December 5, 2008 – At first glance, the reports of document shredding and consequent dismissal of the director and five top managers from the New York regional office of the U.S. Department of Veterans Affairs might appear to be simply one more instance of misconduct in an ever-expanding web of agency misdeeds. The shake-up at the New York regional office, however, speaks volumes about some of the most intractable, systemic problems plaguing the VA benefits process.
As Rick Weidman, executive director for government affairs of Vietnam Veterans of America, indicated during a House Veterans Affairs Committee hearing last month, document shredding, whether in New York or elsewhere, is merely one illustration of a far broader lack of institutional integrity at the VA. Without addressing the underlying question of how this institutional culture might motivate and reward such individual misdeeds, neither Congress nor the agency itself will be in a position to effect real change.
Why might VA personnel find incentive in destroying, misplacing or simply ignoring claims documents?
To begin, the VA claims application process is a uniquely time-consuming one, hobbled by requirements that exist at neither the Social Security Administration nor private insurance companies. Driven by a staunch presumption that veterans’ claims are fraudulent, the VA requires all applicants to prove by documentary evidence not only that they are disabled but also that their disabilities stem directly from military service.
This system is as labor-intensive for reviewers as for claimants themselves. Nationwide, the VA’s backlog now numbers over 900,000 claims. According to the VA, one-third of claims at the New York regional office take six months or longer to process. This figure, however, takes into account both disability and pension claims, the latter of which can be completed in under an hour. Without the counterbalance offered by pension claims, the VA’s figure falls far short of the actual wait time for disability claims, which often exceeds one year.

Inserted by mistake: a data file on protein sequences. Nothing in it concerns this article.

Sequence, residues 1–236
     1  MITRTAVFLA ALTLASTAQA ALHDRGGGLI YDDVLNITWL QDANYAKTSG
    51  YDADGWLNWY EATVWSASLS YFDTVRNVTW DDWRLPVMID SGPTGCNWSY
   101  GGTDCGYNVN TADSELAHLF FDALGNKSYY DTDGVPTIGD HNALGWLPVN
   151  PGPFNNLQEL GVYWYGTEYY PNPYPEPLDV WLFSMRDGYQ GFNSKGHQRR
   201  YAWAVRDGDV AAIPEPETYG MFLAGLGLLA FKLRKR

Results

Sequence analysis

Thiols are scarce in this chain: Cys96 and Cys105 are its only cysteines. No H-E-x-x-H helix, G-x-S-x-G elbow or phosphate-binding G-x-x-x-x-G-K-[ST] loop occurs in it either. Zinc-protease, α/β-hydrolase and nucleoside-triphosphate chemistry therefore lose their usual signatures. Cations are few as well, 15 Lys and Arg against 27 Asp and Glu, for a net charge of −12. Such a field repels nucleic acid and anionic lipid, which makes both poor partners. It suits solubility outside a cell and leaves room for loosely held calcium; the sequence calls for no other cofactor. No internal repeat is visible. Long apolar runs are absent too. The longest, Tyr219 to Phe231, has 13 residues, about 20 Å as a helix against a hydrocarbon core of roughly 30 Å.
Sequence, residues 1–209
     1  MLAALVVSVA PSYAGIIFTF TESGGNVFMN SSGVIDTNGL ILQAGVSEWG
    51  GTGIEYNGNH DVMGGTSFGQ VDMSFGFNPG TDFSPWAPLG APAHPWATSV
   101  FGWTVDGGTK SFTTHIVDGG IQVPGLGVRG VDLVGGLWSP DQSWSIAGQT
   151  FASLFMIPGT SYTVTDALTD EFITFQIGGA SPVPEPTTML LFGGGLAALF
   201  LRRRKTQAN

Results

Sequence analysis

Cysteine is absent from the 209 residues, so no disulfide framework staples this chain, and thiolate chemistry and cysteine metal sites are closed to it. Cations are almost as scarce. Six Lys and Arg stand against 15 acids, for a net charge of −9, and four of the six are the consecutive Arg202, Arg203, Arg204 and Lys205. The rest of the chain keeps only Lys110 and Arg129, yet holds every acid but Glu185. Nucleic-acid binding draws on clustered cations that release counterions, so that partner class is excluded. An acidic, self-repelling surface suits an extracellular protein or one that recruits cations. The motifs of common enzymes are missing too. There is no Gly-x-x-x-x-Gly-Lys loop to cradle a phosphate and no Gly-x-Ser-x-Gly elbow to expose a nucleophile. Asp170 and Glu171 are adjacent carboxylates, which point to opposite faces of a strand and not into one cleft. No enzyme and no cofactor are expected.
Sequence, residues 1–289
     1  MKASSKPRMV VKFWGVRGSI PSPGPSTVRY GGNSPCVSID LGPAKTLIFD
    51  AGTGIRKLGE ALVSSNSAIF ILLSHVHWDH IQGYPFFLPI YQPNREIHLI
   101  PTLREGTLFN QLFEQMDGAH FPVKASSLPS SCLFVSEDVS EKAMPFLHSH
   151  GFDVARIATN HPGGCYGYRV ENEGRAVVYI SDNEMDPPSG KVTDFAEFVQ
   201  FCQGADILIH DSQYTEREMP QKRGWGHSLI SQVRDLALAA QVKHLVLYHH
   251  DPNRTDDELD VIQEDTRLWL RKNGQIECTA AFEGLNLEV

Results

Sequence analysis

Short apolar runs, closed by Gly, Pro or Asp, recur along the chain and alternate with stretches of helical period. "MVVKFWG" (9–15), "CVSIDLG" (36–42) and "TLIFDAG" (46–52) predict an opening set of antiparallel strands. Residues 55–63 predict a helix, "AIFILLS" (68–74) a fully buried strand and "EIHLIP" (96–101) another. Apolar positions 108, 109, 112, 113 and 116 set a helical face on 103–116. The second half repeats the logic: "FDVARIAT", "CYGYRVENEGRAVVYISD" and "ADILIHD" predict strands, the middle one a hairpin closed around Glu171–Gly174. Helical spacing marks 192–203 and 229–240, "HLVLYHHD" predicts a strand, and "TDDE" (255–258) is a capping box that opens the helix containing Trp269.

The claims process is especially protracted for veterans with psychological wounds. Deeming post-traumatic stress disorder symptoms “relatively easy to fabricate,” the VA Clinician’s Guide directs examiners to base the validity of claims on elaborate documentation from family and friends about veterans’ changes pre- to post-service, which can be difficult and time-consuming to procure – especially when a veteran’s health is in question. Veterans routinely find their claims denied or remanded because the regional office says it has insufficiently detailed information – though one of the diagnostic criteria for PTSD is an inability to recall important aspects of a trauma.
These problems are further compounded by an institutional work credit system that equates productivity with the number of cases processed, effectively offering employees an incentive to take shortcuts to clear their desks of pending claims.
The VA also gives its employees the benefit of the doubt if they claim that they have never received a particular document that the veteran maintains he or she has submitted. Often, VA reviewers will deny claims based on such “missing” information.
The resulting misconduct has been alarmingly persistent: The same Manhattan regional office currently under investigation was cited 25 years ago for disposing of thousands of claims files at the bottom of its elevator shaft.
While the stated goal of the VA management to digitize the application process by 2010 is an admirable first step, much more remains to be done. Some advocates have proposed withholding credit for processed cases until the final stage of review, in order to encourage accuracy over speed. Others have suggested waiving the requirement that Iraq and Afghanistan veterans diagnosed with PTSD or traumatic brain injury (TBI) prove that the disability stems directly from military service. Akin to the policy for Vietnam veterans with Agent Orange exposure, this would curtail the application timeline for the most vulnerable claimants.
A third option might be to provide interim benefits for veterans with claims pending beyond a designated period – a form of relief requested by Vietnam Veterans of America in its recently filed lawsuit. Ironically, the Social Security Administration, which has never imposed a proof requirement for claimants – and hence takes less time to process claims than the VA – has just announced plans to further expedite its own TBI claims, including those of veterans.
Regardless of which particular path it pursues, the VA cannot continue to address the misdeeds of its personnel as isolated episodes. By failing to recognize the systemic nature of such misconduct and introduce a correspondingly far-reaching remedy, the agency dishonors the sacrifices borne by the veterans it is meant to serve.
Rachel Natelson is director of the Veterans and Servicemembers Project at the Urban Justice Center, which provides legal services for current and former members of the U.S. military.